For example, from 2004 through 2006, the percentage of planners asked to consider a second- or third-tier city in an effort to control costs rose from 31.5 percent to 40.3 percent. In 2007, that trend went into reverse — only 30.8 percent said they had pressure to select a less expensive meeting destination.
“The 2007 survey certainly took place before we got hit with the heavy recession news,” says Mandelbaum. “Our outlook for the hotel industry was more optimistic then. Our forecasts have been downgraded to a degree. It's still going to be a seller's market, but not as strong as people were thinking a few months ago.”
What Can Planners Do?
Still, a downward trend could open up opportunities for planners, even as budgets come under pressure. Like Hanson, Freitag agrees that if the economy deteriorates, small meetings will be the first to go. At the same time, a softening of demand, Freitag said, could help planners find deals with hotels that try to recoup lost group business.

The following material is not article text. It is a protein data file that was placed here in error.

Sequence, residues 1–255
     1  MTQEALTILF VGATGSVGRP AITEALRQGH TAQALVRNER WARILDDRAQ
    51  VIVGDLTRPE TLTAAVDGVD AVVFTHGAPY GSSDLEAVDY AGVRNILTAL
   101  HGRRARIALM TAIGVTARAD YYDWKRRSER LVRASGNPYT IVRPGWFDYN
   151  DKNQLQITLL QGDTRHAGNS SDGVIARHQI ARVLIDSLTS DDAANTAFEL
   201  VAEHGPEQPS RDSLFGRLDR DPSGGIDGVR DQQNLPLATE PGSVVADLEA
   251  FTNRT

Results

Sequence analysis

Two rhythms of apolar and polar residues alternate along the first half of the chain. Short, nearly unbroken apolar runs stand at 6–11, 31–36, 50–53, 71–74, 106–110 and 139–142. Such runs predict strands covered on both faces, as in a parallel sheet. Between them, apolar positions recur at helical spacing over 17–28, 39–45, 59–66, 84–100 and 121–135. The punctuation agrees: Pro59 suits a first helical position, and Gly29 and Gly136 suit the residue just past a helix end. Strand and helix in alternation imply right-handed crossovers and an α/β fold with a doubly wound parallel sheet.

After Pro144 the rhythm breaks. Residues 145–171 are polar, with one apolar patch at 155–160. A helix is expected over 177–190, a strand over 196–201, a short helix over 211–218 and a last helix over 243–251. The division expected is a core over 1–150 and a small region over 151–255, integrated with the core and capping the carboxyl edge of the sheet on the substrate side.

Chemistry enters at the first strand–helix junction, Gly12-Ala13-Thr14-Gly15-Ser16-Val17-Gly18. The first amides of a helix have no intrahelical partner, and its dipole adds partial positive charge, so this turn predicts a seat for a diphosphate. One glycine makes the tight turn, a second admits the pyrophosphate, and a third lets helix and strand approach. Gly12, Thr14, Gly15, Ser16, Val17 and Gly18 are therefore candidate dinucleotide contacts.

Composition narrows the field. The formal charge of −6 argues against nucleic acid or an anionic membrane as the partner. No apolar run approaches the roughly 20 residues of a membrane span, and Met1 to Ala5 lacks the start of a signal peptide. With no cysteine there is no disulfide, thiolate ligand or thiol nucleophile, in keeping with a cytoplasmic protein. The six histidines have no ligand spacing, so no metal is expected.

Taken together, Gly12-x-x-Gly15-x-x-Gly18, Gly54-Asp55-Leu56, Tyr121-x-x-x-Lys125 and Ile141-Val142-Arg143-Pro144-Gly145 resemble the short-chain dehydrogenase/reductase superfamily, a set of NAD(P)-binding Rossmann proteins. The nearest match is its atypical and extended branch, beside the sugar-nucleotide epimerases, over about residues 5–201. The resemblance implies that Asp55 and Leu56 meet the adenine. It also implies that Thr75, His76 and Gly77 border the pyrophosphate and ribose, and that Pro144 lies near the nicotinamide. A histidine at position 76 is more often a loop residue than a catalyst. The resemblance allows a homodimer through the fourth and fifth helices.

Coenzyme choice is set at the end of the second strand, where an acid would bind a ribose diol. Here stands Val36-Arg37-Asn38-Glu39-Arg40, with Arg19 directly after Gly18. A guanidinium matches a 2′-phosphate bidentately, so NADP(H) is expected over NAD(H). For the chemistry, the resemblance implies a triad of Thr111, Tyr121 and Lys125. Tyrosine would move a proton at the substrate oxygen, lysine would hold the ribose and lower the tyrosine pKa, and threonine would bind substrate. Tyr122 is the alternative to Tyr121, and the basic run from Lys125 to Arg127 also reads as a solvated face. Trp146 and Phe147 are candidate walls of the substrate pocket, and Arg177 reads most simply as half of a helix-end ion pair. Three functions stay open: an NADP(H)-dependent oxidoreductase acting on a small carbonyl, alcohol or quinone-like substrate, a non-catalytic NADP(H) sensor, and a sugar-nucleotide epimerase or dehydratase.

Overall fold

Yet for planners looking to cut costs, booking top-tier destinations will continue to be problematic. Demand will remain high in many of those cities, as well as for high-end, luxury properties. A better strategy, says Freitag, will be to keep an eye on hotels coming online, creating competition that could benefit the planner.
The good news, according to Connors, is that while corporate travel departments used to take the brunt of spending reductions during bad economic times, that is no longer the case. “I think it has changed over the last few years, based on the global nature of the economy,” says Connors. “If corporations don't have people out there traveling, and buying, and selling, there will be consequences.”